Koala 3D climbing 3D printer

A group of researchers have developed a 3D printer that has the capability of printing a part bigger than itself. The ‘Koala 3D’ was developed at the university of Chile and although it isn’t as cute as it’s Australian counterpart it does have the ability to climb, being part climbing robot part 3D printer.

The researcher explain in their paper that traditional manufacturing limits the size of parts being produced. “For example, while a plastic injection molding machine usually occupies various cubic meters, it produces parts that are considerably smaller than itself, somewhere between several cubic centimeters. Similar situations arise with subtractive manufacturing machines, such as mills, lathes, and their CNC counterparts,” the authors write in the paper.

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Additive manufacturing on the other hand can produce parts closer to its size, and with the addition of the Koala 3D navigating vertically we are a step closer to creating 3D printers that could fabricate objects much larger than themselves.

The Koala is two major parts: the print head and the climbing robot. The print head does exactly what a print head should do, print. The climbing robot is devised of robotically actuated clamps on the lower part of the machine, and a clamp that can move between the top and bottom of the machine. To enable an infinite range of motion, the researchers ensured that a clamp always remained attached to the beam, while the other clamp proceeded to find a new anchoring point, resulting in a repeated process of ‘printing-reanchoring-printing-reanchoring.’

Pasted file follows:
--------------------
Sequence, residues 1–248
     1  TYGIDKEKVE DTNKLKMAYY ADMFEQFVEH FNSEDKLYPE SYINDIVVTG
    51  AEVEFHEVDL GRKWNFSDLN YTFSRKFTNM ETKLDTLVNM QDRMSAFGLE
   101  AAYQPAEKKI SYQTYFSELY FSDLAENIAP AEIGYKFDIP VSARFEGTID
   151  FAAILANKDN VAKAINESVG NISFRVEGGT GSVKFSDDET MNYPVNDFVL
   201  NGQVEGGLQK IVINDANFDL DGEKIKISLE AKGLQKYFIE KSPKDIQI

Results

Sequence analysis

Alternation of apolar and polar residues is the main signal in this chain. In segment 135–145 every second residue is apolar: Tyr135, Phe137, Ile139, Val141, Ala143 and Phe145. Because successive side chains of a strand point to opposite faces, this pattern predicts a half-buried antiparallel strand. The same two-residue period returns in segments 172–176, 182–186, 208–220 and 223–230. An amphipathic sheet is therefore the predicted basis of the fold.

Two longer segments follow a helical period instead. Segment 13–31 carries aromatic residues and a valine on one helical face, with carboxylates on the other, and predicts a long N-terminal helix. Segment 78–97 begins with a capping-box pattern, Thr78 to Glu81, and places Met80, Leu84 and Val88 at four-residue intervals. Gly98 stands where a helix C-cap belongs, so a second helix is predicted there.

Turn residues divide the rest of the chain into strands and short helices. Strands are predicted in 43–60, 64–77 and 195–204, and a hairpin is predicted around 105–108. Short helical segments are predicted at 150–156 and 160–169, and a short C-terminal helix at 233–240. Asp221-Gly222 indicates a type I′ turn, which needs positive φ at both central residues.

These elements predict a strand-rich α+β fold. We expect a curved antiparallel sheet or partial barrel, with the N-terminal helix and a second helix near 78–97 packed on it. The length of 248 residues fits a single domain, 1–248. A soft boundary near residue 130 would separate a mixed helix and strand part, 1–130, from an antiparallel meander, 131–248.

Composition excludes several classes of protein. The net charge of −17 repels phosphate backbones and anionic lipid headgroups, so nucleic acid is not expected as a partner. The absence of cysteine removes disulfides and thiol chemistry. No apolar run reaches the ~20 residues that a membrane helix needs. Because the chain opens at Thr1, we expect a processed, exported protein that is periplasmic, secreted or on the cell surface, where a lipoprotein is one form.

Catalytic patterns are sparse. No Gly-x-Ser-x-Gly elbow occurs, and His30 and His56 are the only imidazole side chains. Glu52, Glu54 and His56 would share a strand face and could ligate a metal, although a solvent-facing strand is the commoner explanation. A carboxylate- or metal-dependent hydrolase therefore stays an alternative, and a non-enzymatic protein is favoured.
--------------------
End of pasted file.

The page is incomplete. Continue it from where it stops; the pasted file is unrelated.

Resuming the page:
“The printer can be decomposed into two major subsystems. One is the vertical climbing stage for reanchoring, precise vertical motion during printing, as well as carrying the electronics,” the authors explain. “The other subsystem is the x-y positioning stage for moving the printer extruder. This stage also carries the material impulsion system.”

The team designed the printer to cover a range of motion of 45mm x 45mm on the yx plane with the aim of producing vertical beams with a sectional area of 30mm x 30mm with this motion span. Explaining the reason behind the larger motion span, the researchers state that “The extra motion span (50% larger on every dimension) was intended to allow the extruder to purge outside the printing area as well as potentially introduce some features on the surface of the produced beam.”

The team tested the system by printing 11 vertical beams ranging from 350mm to 850mm to evaluate the printing-reanchoring-printing scheme. Discussing the implications of their successful demonstration, the researchers posit potential future research and applications in construction and product development industries, as well as three problems they encountered in creating the Koala 3D climbing printer: ”The problems are (1) the machine drop after reanchoring, (2) the structural oscillation at high aspect ratios, and (3) the initial alignment between part and base. Addressing these problems will be important in developing autonomous machines that can climb along the same structures they produce.”

Essop, Anas, et al. “Koala 3D: Chilean Researchers Investigate Climbing 3D Printer.” 3D Printing Industry, 30 Mar. 2020, 3dprintingindustry.com/news/koala-3d-chilean-researchers-investigate-climbing-3d-printer-170424/.